All Linux software ships in the form of a package. Different package managers manage the archiving and management of these packages. Most packages are not interchangeable, although utilities like alien convert among some package types.

Different distributions rely on specific package managers.

  • dpkg: Manages Debian-specific (.DEB) packages—common in Debian-based distribuition including Ubuntu and Linux Mint—through tools like APT.
  • RPM Package Manager: Installs/manages Redhat Package Manager (.RPM) packages. Uses tools like DNF, yum and zypper.
  • flatpak: A sandboxed/containered format that's cross-platform.
  • pacman: Common in Arch Linux and its derivatives.
  • portage: Developed for Gentoo Linux, and now also used by ChromeOS and a few other distributions.
  • snap: A Ubuntu-specific form of containerized application deployment.

Although you're free to pick the specific tool for managing packages, the package type is hard-coded into the distribution. Thus, you'll never see a Ubuntu version that uses RPM files. Different distributions maintain different repositories for available software. Some software authored by independent developers may appear in only one or two package formats. If maximizing access to open-source software matters to you, a distribution that uses DEB or RPM files is likely your best bet.

Desktop Environment

When people think about the major differences between Linux distributions, they tend to think of the desktop environment—but the irony is that most distributions support the installation of most desktop environments.

The "best" desktop environments balance configurability with the relative resource consumption of the DE itself. A brand-new computer, or a computer with high-end specs, can run any desktop environment with the smoothness of melted butter. But on lower-end or older hardware, particularly in the netbook space, the selection of DE can make-or-break the usability of the entire system.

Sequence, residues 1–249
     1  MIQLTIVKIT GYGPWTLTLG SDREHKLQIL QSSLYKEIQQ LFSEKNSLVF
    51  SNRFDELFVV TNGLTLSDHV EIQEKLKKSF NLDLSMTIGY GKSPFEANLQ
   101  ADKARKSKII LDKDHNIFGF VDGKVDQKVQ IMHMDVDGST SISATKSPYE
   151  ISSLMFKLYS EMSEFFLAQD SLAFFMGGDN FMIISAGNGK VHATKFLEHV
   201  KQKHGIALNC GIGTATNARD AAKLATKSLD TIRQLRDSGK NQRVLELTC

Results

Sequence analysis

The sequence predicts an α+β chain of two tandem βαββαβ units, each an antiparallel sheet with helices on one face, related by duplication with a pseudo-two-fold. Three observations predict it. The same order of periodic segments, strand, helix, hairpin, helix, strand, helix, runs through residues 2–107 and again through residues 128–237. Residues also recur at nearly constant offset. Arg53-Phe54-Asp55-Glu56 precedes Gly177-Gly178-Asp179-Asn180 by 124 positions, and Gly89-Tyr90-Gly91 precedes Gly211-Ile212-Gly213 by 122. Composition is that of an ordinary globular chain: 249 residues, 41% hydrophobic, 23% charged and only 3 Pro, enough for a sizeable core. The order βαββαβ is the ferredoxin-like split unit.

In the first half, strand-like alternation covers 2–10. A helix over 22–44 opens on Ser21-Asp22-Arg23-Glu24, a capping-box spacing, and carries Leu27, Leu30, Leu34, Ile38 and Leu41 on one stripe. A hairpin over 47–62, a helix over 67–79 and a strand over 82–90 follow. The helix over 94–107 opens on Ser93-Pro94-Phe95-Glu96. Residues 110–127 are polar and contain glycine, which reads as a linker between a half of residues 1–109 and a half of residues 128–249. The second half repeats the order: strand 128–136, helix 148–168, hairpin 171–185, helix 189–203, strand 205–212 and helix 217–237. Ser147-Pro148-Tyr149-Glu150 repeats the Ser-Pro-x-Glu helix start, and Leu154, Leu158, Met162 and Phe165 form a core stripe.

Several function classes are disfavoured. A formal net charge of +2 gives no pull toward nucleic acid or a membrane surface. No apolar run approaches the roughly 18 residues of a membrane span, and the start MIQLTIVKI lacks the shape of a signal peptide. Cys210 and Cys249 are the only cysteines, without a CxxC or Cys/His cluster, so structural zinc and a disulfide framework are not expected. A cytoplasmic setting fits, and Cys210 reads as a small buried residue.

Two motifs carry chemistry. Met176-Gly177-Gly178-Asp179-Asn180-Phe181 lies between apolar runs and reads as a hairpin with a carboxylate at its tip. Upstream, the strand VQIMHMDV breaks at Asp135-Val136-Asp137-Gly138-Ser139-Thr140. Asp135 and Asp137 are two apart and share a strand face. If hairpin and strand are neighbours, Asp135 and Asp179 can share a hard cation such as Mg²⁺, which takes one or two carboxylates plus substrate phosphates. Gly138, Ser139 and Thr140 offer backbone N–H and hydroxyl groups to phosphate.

Resource Use

  • The high-resource DEs commonly used include KDE and Budgie.
  • A medium-weight DE runs well on standard or low-end modern hardware. Gnome 3, Cinnamon, MATE and Pantheon fall into this category.
  • A lightweight DE is ideal for older hardware. Pick XFCE or LXDE.

Configurability

The newest DEs tend to be less configurable—they package a specific aesthetic design that doesn't allow for as modification as the older DEs still support.

Highly configurable DEs include XFCE, LDXE, Cinnamon, MATE and KDE.

Low-configurable DEs include Deepin, Gnome 3 and Pantheon.

Use Cases

So which distribution is the best one for your needs? It depends on your use case.

If you run older hardware, a "traditional" distribution that uses SysV for init and relies on a 32-bit kernel will likely prove optimal. Pair it with a lightweight DE like XFCE. MX Linux makes a great starting place.

A machine with high-end hardware, run by an eager tinkerer and Linux buff, might work well with Manjaro Linux.

If you enjoy getting deep into the internals of your operating system, try Slackware. It's built largely by hand, through configuration files, so you have ultimate control over it—but you have to know, or be willing to learn, what you're doing.

Have modern hardware that "just works?" People new to Linux often migrate to Ubuntu Linux or Linux Mint. For an even more basic, elegant distribution, look to Elementary OS.